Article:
13-14 “Then you’ll say, ‘This is what God says: Watch closely. I’m going to fill every person who lives in this country—the kings who rule from David’s throne, the priests, the prophets, the citizens of Jerusalem—with wine that will make them drunk. And then I’ll smash them, smash the wine-filled jugs—old and young alike. Nothing will stop me. Not an ounce of pity or mercy or compassion will slow me down. Every last drunken jug of them will be smashed!’”

The Light You Always Took for Granted

15-17 Then I said, Listen. Listen carefully: Don’t stay stuck in your ways!
    It’s God’s Message we’re dealing with here.
Let your lives glow bright before God
    before he turns out the lights,
Before you trip and fall
    on the dark mountain paths.
The light you always took for granted will go out
    and the world will turn black.
If you people won’t listen,
    I’ll go off by myself and weep over you,
Weep because of your stubborn arrogance,
    bitter, bitter tears,
Rivers of tears from my eyes,
    because God’s sheep will end up in exile.

18-19 Tell the king and the queen-mother,
    “Come down off your high horses.
Your dazzling crowns
    will tumble off your heads.”
The villages in the Negev will be surrounded,
    everyone trapped,
And Judah dragged off to exile,
    the whole country dragged to oblivion.

20-22 Look, look, Jerusalem!
    Look at the enemies coming out of the north!
What will become of your flocks of people,
    the beautiful flocks in your care?
How are you going to feel when the people
    you’ve played up to, looked up to all these years
Now look down on you? You didn’t expect this?
    Surprise! The pain of a woman having a baby!
Do I hear you saying,
    “What’s going on here? Why me?”
The answer’s simple: You’re guilty,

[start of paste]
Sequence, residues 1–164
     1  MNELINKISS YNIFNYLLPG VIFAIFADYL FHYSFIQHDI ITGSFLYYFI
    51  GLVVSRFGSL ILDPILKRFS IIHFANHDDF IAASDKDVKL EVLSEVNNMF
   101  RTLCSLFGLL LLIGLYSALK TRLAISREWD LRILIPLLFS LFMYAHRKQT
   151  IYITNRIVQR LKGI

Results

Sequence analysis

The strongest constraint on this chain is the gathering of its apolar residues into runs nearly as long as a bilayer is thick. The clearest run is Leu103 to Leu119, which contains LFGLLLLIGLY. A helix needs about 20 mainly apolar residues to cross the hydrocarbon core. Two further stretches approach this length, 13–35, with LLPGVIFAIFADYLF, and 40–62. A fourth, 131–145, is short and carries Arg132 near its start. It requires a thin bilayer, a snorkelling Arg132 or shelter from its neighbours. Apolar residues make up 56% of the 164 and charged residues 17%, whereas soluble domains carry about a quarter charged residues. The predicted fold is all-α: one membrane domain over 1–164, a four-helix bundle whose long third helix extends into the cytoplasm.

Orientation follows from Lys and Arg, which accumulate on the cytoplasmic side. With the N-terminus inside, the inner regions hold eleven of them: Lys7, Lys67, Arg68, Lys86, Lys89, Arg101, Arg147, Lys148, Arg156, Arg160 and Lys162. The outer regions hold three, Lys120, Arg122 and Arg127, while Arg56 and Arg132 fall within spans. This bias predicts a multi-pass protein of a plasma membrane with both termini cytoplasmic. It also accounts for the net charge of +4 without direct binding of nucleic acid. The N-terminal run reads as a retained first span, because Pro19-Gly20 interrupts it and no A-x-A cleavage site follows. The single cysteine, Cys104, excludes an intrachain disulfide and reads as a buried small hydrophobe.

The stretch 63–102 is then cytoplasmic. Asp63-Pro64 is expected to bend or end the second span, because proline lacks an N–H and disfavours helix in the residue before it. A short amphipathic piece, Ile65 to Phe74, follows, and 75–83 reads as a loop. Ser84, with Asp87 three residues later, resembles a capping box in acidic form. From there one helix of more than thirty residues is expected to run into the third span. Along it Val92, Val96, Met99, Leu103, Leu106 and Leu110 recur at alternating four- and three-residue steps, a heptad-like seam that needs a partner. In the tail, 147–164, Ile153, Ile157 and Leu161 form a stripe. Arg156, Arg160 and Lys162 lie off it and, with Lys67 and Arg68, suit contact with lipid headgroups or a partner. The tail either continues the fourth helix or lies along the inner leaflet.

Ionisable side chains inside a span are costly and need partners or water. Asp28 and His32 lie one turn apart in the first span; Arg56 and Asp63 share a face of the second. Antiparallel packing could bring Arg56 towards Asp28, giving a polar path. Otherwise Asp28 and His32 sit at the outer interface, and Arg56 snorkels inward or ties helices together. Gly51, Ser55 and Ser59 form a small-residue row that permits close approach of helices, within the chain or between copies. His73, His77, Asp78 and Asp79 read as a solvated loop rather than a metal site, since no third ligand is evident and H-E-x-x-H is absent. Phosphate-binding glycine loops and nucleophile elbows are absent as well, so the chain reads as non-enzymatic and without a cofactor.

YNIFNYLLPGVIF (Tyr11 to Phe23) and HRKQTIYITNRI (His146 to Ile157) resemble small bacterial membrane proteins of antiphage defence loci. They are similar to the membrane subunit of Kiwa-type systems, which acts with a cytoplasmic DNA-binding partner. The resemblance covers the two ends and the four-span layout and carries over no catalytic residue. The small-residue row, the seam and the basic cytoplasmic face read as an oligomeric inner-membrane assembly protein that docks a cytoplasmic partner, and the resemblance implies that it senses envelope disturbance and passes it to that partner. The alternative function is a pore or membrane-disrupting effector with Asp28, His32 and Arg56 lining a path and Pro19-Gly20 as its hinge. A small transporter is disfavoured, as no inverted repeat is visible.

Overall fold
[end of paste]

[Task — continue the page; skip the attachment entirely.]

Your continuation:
hugely guilty.
Your guilt has your life endangered,
    your guilt has you writhing in pain.

23 Can an African change skin?
    Can a leopard get rid of its spots?
So what are the odds on you doing good,
    you who are so long-practiced in evil?

24-27 “I’ll blow these people away—
    like wind-blown leaves.
You have it coming to you.
    I’ve measured it out precisely.”
        God’s Decree.
“It’s because you forgot me
    and embraced the Big Lie,
    that so-called god Baal.
I’m the one who will rip off your clothes,
    expose and shame you before the watching world.
Your obsessions with gods, gods, and more gods,
    your goddess affairs, your god-adulteries.
Gods on the hills, gods in the fields—
    every time I look you’re off with another god.
O Jerusalem, what a sordid life!
    Is there any hope for you!”

Time and Again We’ve Betrayed God

14 1-6 God’s Message that came to Jeremiah regarding the drought:

“Judah weeps,
    her cities mourn.
The people fall to the ground, moaning,
    while sounds of Jerusalem’s sobs rise up, up.
The rich people sent their servants for water.
    They went to the cisterns, but the cisterns were dry.
They came back with empty buckets,
    wringing their hands, shaking their heads.
All the farm work has stopped.
    Not a drop of rain has fallen.
The farmers don’t know what to do.
    They wring their hands, they shake their heads.
Even the doe abandons her fawn in the field
    because there is no grass—
Eyes glazed over, on her last legs,
    nothing but skin and bones.”

7-9 We know we’re guilty. We’ve lived bad lives—
    but do something, God. Do it for your sake!
Time and time again we’ve betrayed you.
    No doubt about it—we’ve sinned against you.
Hope of Israel! Our only hope!
    Israel’s last chance in this trouble!
Why are you acting like a tourist,
    taking in the sights, here today and gone tomorrow?
Why do you just stand there and stare,
    like someone who doesn’t know what to do in a crisis?
But God, you are, in fact, here, here with us!
    You know who we are—you named us!
    Don’t leave us in the lurch.

10 Then God said of these people:

“Since they loved to wander this way and that,
    never giving a thought to where they were going,
I will now have nothing more to do with them—
    except to note their guilt and punish their sins.”

The Killing Fields

11-12 God said to me, “Don’t pray that everything will turn out all right for this people. When they skip their meals in order to pray, I won’t listen to a thing they say. When they redouble their prayers, bringing all kinds of offerings from their herds and crops, I’ll not accept them. I’m finishing them off with war and famine and disease.”

13 I said, “But Master, God! Their preachers have been telling them that everything is going to be all right—no war and no famine—that there’s nothing to worry about.”